(Before I begin, you have to understand a bit about my background – I stopped taking sciences in Grade 11 – public school, I focused on Liberal Arts, and in university, I majored in business. So go easy on me if I get anything wrong)
Vigilance Decrement – What is it?
Vigilance decrement is defined as “deterioration in the ability to remain vigilant for critical signals with time, as indicated by a decline in the rate of the correct detection of signals”
In real life, it is as simple as an airport security officer missing contraband items hidden in baggage under x-ray, or a working dog failing to detect and indicate the presence of a landmine. For the airport security officer, that might be the shape of items on screen that fuzzily match what contraband looks like. For a detection dog, that might be the scent of a landmine. In both cases, shapes and smells are just signals.
In my opinion it’s reasonable to assume that a verbal or visual cue is also just a signal. A cue is a signal to indicate there is an opportunity to perform a behaviour and earn reinforcement. Why would a dog respond to a cue one minute, and assuming motivation is sufficient, and the cue is delivered identically, why would a dog not respond to the cue?
Important to note – we are always assuming that the learner is sufficiently motivated. For training, we would assume the food is appealing enough, or the toy desirable enough to want to continue doing work.
Two Competing Theories of Vigilance Decrement
The first theory is boredom. The task is so easy and repetitive that the subject withdraws effort and stops paying attention – and the subject is then distracted and daydreams.
The second theory is fatigue/resource theory. Mental energy is limited, and task performance draws on mental energy. Unless replenished, mental energy is depleted.
Helton does not believe the boredom model holds true. If it held true, you should get greater vigilance decrements if you gave people easier tasks vs. harder ones. In fact, the opposite was true – in studies with humans (male and female) and rats, the harder the signal detection test, the faster the decrease in performance.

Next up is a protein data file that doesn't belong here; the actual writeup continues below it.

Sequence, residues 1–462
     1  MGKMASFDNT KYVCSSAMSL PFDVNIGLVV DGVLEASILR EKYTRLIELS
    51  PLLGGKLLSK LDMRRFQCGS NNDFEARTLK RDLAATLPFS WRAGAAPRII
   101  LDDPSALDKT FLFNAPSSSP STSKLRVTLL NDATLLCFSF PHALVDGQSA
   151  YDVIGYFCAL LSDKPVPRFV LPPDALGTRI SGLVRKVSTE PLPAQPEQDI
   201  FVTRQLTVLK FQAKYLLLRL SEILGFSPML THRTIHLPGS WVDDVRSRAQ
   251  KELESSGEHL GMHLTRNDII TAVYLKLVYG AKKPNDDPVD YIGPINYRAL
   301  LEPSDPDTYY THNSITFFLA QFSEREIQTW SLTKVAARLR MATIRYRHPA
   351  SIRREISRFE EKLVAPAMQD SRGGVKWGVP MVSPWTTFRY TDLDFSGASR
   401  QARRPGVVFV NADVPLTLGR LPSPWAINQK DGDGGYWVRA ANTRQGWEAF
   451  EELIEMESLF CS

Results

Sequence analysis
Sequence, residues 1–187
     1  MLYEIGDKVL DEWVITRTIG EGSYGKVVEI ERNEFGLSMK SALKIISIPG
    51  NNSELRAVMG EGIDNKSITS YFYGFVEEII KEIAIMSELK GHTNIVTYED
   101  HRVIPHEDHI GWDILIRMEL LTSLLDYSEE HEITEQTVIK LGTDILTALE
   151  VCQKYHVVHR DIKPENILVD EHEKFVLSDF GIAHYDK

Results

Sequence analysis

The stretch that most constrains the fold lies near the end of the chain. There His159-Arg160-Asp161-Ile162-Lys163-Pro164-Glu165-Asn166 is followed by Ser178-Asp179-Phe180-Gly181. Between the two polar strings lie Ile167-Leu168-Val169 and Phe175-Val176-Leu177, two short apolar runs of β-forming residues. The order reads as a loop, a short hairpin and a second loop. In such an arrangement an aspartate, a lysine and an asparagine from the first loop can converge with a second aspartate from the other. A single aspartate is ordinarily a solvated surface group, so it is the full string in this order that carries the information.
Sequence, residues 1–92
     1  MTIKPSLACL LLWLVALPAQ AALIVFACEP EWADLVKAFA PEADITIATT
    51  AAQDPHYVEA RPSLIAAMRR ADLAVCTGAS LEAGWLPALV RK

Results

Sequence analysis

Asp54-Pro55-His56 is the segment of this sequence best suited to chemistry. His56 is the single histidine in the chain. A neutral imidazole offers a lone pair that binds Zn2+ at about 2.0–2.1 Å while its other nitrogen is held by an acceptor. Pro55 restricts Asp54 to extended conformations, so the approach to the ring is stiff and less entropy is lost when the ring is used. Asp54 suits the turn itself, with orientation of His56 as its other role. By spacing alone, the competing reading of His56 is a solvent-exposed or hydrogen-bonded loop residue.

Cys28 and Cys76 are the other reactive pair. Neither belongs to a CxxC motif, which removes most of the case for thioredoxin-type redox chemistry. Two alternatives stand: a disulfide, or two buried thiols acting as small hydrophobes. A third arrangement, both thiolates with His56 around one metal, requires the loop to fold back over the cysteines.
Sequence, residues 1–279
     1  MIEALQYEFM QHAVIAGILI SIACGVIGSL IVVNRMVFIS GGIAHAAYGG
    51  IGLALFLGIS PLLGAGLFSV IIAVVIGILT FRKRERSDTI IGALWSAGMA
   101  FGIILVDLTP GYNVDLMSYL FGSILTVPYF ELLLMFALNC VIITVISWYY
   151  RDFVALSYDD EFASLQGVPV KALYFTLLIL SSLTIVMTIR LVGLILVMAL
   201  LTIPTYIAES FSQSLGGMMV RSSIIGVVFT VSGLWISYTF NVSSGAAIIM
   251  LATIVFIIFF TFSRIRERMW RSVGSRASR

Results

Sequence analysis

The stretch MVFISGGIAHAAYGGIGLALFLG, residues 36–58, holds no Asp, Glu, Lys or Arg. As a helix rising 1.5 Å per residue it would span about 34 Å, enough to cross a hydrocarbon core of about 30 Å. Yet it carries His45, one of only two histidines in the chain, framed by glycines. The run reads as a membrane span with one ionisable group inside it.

In plain English – if I gave you a book on quantum mechanics and said “hey read this”, you’d probably look very bored by page three. But it’s not because it’s too easy – it’s because it requires a ton of mental energy to follow it.
Applied to dog training? In class, many students (especially newer ones, with greener dogs) often attribute the dog’s unresponsiveness as boredom. If a dog stops responding to a known cue in class, assuming sufficient motivation, it’s NOT because their bored, but in fact, have run out of mental energy. I believe their brain is no longer detecting the signal/discriminative stimulus.
Evolutionary Function of “Shutting Down”
Simple! As Helton explained, the brain is not unlike an engine. Excessive use will cause damage, so by shutting down, it is protecting itself. The brain, literally, heats up from use, which is why brain damage can occur with high fever, and we’re mentally more capable if the brain is kept cold. Helton shared that you can measure the temperature inside the ear canal as an accurate way to monitor when the subject is going to burn out!
Refilling Mental Energy
Through rest! That’s why agility people swear by Crate Games – so mental energy is preserved or restored between performance.
Drawing from human-models, Helton shared his model for predicting whether the expert (in this case the detection dog) would correctly respond:
P(A) = sS – eFEF + (ex EX + vV)
Probability of Attending = Salience of of the Olfactory Target – Body Movements + Expectations + Value of Information
Salience = How big/obvious is the target?
Body Movements = How much does the dog have to worry about navigating the environment while working? i.e. searching in dangerous rubble vs. a lab environment
Expectations = If you only train the dog to search the floors, he’ll never think to sniff up high where the item may be hidden
Value of Information = I think this means the importance of the consequence to the dog – What’s in it for me if I respond?
Applying his Model to Scent Detection